Teaching Globalization

Originally uploaded by Tobias Higbie.

Yesterday I was up in Alsip, Illinois, at the IBEW Apprenticeship school to help out with our “Solidarity 101” program. This is a two-day crash course in Labor Studies taught by the Labor Education faculty. We are outsiders coming into an ongoing educational process, and we get the good and the bad from that position.

My role in this program has been to teach sessions on contemporary economics, particularly on globalization. That’s right, globalization in 2 hours. I’ve been jiggering my lesson since day one, and finally have found something that works: a lesson plan by Bill Bigelow called the “Transnational Capital Auction,” which is in two of his books, Rethinking Globalization and The Line Between Us: Teaching about the Border and Mexican Immigration. You can get it from Rethinking Schools.

It’s a remarkably effective lesson plan for explaining the “Race to the Bottom” concept, and for understanding the pressures on developing nations to lower their living standards. It’s also a very hands-on example of how ideology works to conform social actors to the needs of capital.

Students break into teams. They play the role of ruling elites in developing, post-colonial nations. I play the role of Transnational Capital. The goal is to get some development capital into your country. Over five rounds, teams bid on my investment. Bids are figured through a set of social indicators (minimum wage, child labor, worker rights, and environmental laws, and taxation on profits). The worse your social indicators, the higher your “friendly to capital” score. But you can’t just grind your people into the ground. The team with the third highest “friendly to capital” points gets the most “Game Points,” which is what you need to win. This last rule makes the game more strategic and more engaging for students. But the educational point is that “Capital” wants a balance between poverty and order. Too much poverty brings disorder, and potential revolution, and that’s bad for capital. The students “get it.”

During the bidding, I circulate around the room reiterating the basic outlines of the game, collecting bids, and promoting the interests of capital: “remember, winning is everything;” “remember, you have to compete against the other teams, you don’t want those other countries to get ahead of you, do you?” I notice that most are opting strategically for high wages and bad conditions–“at least we’ll eat,” they say. “What is the largest piece of an employers budget?” I ask. “Wages and benefits,” they say. In the next round, minimum wages drop.

The trend of game is usually the same: the friendly to capital scores go up round after round, sometimes dramatically as teams try to catch up or strategically bid high to win some Game Points. Their bid in the final round, you tell them, is what their people will have to live with. “So what is life like for common people in your country now?” I ask. Minimum wage of 25 cents an hour, no child labor laws, troops stationed in the factories. In short, “Hell,” they respond.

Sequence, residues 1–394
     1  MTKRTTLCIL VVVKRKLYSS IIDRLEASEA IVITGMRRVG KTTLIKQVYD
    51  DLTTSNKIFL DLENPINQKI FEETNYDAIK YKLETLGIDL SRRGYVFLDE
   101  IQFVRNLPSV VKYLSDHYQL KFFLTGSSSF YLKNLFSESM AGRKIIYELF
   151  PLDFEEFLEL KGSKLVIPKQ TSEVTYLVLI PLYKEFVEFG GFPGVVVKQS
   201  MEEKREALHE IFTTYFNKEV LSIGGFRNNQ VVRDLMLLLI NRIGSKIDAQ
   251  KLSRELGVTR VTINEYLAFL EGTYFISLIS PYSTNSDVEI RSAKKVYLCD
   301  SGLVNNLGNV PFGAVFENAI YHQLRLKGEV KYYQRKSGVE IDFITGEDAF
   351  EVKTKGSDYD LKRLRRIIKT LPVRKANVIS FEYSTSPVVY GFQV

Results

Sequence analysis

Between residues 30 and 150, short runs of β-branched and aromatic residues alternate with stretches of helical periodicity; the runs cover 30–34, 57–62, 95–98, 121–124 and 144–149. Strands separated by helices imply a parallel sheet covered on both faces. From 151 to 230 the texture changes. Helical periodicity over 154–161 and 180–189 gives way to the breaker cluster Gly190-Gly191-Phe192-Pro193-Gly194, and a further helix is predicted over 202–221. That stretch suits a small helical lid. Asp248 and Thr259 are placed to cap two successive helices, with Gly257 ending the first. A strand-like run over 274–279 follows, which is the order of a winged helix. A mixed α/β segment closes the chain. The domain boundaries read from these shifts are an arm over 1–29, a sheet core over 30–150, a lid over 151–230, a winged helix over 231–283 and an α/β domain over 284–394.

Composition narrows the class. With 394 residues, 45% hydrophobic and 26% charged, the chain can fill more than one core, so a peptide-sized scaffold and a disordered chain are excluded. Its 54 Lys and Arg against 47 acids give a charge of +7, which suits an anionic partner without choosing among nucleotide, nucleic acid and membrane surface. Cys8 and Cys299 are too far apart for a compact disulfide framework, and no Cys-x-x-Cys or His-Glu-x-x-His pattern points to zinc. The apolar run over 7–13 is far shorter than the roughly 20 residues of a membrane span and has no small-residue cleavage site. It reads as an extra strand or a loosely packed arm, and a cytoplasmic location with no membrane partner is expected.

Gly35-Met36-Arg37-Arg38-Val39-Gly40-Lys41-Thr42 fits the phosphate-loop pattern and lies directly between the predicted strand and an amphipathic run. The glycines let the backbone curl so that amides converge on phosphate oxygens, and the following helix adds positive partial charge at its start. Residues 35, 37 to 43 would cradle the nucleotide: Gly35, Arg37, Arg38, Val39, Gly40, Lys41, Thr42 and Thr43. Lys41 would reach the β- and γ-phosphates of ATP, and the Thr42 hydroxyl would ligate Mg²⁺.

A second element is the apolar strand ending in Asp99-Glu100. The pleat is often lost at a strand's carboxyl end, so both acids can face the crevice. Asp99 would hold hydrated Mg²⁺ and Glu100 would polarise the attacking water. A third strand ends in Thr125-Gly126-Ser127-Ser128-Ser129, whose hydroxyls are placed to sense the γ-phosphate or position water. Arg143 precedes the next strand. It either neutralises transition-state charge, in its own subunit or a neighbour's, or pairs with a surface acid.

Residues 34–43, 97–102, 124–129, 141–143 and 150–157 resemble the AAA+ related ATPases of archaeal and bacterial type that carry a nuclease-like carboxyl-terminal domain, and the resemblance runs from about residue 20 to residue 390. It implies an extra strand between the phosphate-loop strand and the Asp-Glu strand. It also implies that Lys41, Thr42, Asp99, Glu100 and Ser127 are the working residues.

Time’s up. Go to your next class. Half the class stays with me, the other is off to learn about the impact of recent elections on labor law, etc.

My sections replay the Auction, this time not as elites but as representatives of workers, farmers, etc. They struggle to do well by their constituents, but the logic of the game moves them toward declining wages and conditions. “Remember, winning is everything” I say in my role as “capital.” One team asks alound, “What if we all got together. We could agree on minimum wages.” I stop talking and try to hide in the corner so they can organize. The response from other teams: “now you say that, but you were just trying to cut our throats. It’s every man for himself”–this is actually said by one of the few women in the room. “Winning is everything,” I say trying hard to be ironic. But the game moves on to the inevitable conclusion: “hell.”

In the wrap up, the students talk about how they felt powerless to resist the logic of the game. We talk about what life would really be like for workers under these conditions, and what people might do in response. They might leave their homes and come to the US, someone says. But there really isn’t enough time to go into a long discussion, just enough to reiterate that “capital” is seen as “America” in many parts of the world, and to mention something about Lula and other leaders who are trying to avoid what they just did: play the transnational capital auction for the benefit of common people. Not so easy to do.

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